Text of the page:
ISIS fanatics mauled to death and eaten by LIONS while hiding during battle for gas reserves in Mozambique
- ISIS insurgents in Mozambique were maimed and eaten by lions after a battle
- They died in a military operation in Cabo Delgado after murdering residents of the area
- Local police said they were killed by firearms, lions, crocodiles, snakes and buffalo.
- Violence in Cabo Delgado over multi-million dollar natural gas reserves
Islamic State insurgents in Mozambique were mauled to death and eaten by wild lions as pro-government forces seized multi-million dollar gas reserves.
The ISIS-linked jihadists, dubbed ISIS-Mozambique by the US, were attacked and killed by wild animals, including lions and crocodiles, while hiding from a military operation after attacking villages in the northern Cabo Delgado province. from Mozambique.
The terrorists killed people and burned down their houses in the attacks.
Mozambican forces said they had captured four jihadists who were involved in recruiting and radicalizing people and said 16 more had been killed.
Local police commander Bernardino Rafael said some died after being hit by gunfire, but others were attacked by snakes, buffalo, lions and crocodiles.
ISIS-linked jihadists, dubbed ISIS-Mozambique by the US, were attacked and killed by wild animals, including lions (file photo) and crocodiles, while hiding from a military operation after attacking villages in Cabo province Delgado, in northern Mozambique.
At least 24 countries have sent soldiers to help Mozambique, including Rwanda, which has an army involved in peacekeeping operations. Pictured: A woman walks past Rwandan army patrols in MocÍmboa da Praia, Cabo Delgado province, Mozambique, on Tuesday.
“Some of them died when they were hit by bullets from our forces and others by attacks from animals such as snakes, buffalo, lions and even crocodiles,” he told neighbors. The times reports.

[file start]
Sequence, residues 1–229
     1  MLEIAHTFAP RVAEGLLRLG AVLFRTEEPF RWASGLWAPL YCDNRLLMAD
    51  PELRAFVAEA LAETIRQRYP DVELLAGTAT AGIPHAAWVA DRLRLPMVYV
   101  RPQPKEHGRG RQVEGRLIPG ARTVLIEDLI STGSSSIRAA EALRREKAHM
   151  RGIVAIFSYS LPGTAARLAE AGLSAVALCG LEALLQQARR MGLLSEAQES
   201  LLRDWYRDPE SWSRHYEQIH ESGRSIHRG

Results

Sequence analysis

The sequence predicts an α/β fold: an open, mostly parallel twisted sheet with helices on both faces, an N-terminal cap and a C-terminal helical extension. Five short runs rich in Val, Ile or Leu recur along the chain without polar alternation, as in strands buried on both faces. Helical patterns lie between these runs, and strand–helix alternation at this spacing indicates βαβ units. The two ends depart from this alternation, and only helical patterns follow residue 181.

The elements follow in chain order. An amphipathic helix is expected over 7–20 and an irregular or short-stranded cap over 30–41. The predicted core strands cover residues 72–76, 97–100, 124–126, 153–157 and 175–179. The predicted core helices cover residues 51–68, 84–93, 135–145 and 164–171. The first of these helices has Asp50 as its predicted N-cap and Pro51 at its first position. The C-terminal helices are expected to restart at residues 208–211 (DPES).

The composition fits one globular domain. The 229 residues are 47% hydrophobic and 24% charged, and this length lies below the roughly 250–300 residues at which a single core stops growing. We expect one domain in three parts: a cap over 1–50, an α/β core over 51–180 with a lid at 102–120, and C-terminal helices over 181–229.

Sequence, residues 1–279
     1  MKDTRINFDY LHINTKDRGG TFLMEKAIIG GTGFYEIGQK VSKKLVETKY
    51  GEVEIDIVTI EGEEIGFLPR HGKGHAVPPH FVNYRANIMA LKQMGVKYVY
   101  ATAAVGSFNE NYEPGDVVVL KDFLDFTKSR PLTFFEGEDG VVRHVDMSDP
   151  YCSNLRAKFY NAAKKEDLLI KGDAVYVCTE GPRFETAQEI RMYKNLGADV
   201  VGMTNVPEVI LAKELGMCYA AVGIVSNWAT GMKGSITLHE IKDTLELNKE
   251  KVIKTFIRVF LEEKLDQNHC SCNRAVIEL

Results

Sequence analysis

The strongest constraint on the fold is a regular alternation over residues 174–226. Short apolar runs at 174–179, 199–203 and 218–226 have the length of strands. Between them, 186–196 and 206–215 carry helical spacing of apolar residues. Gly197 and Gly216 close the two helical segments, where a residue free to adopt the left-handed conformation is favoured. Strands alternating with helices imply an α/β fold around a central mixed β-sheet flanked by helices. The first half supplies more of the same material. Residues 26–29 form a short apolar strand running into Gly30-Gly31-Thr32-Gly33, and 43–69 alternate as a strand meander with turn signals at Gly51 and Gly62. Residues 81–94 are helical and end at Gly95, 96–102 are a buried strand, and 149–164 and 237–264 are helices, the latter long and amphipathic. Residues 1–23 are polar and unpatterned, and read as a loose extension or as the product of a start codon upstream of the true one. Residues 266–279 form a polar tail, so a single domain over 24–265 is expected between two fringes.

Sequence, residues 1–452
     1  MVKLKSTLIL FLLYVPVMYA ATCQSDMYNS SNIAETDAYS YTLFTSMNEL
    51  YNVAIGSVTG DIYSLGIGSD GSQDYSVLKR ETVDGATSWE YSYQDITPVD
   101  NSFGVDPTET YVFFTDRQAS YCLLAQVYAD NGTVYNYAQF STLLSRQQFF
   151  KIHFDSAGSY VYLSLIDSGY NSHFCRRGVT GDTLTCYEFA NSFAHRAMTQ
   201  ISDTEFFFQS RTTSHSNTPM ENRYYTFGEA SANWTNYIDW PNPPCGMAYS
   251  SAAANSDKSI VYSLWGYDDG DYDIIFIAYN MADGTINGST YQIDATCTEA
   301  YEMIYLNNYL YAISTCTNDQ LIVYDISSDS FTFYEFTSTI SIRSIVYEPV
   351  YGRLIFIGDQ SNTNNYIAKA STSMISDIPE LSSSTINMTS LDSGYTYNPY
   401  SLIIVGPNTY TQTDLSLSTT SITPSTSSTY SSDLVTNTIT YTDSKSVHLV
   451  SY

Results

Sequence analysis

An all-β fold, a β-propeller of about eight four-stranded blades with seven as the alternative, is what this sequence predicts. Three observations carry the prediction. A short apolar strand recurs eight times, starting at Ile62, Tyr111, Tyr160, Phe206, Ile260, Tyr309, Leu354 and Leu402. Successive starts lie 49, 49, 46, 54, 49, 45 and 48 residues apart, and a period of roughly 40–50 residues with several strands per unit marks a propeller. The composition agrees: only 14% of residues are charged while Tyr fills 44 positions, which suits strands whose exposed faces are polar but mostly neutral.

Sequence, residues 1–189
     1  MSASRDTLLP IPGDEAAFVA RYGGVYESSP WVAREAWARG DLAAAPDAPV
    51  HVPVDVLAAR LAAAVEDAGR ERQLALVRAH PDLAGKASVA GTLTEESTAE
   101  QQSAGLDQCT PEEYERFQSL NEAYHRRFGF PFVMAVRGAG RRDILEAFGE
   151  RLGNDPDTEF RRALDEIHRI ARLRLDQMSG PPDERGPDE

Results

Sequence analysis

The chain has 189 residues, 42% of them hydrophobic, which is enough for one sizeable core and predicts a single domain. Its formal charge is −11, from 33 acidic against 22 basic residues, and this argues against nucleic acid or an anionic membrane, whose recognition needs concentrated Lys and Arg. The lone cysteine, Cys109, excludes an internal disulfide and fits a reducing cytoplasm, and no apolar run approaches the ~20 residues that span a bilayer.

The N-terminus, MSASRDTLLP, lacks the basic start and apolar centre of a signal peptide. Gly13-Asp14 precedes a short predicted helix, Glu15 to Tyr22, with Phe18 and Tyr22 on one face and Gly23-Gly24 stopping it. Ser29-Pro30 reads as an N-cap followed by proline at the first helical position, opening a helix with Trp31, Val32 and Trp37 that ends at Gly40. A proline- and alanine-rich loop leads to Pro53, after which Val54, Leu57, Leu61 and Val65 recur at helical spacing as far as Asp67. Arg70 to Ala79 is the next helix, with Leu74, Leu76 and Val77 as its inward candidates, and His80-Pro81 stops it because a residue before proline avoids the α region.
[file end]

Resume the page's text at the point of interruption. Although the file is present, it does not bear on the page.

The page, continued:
On Wednesday, he met with residents of the Quissanga district in the northern Cabo Delgado province of the southern African nation.
‘They are dying from gunshot wounds… Many of them [were] wounded by our weapons. But even animals also contribute to the death of Islamist insurgents,’ he added according to BBC World Africa.
He said the population was burying some of the dead jihadists – under the supervision of the authorities – who had succumbed to recent and previous injuries, while some had been eaten by animals.
Violence in Cabo Delgado has intensified since 2017 over its billion-dollar liquefied natural gas (LNG) reserves, which are the third largest on the continent.
Several Western companies have made some of the largest investments in Africa, worth billions, to exploit these reserves. These include a $20 billion project from French firm Total Energies. But the project was suspended in March last year after a raid in the coastal town of Palma.
A Rwandan soldier patrols in MocÍmboa da Praia, in the province of Cabo Delgado
Rwanda first sent in 1,000 troops in July 2021 and cleared insurgents from key areas in just three weeks. In the image: a Rwandan soldier watches the fishermen as they return to shore in MocÍmboa da Praia.
The EU has also said it will provide more support to an African military mission to help reduce reliance on Russian gas.
At least 24 countries have sent soldiers to help Mozambique, including Rwanda, which has an army involved in peacekeeping operations.
Rwanda first sent 1,000 troops in July 2021 and cleared insurgents from key areas in just three weeks, according to BBC World Africa.
Deaths in Cabo Delgado already exceed 4,000 and around 950,000 people have been displaced from their homes. The province that borders Tanzania is the only area of Mozambique with a Muslim majority and is a very neglected area.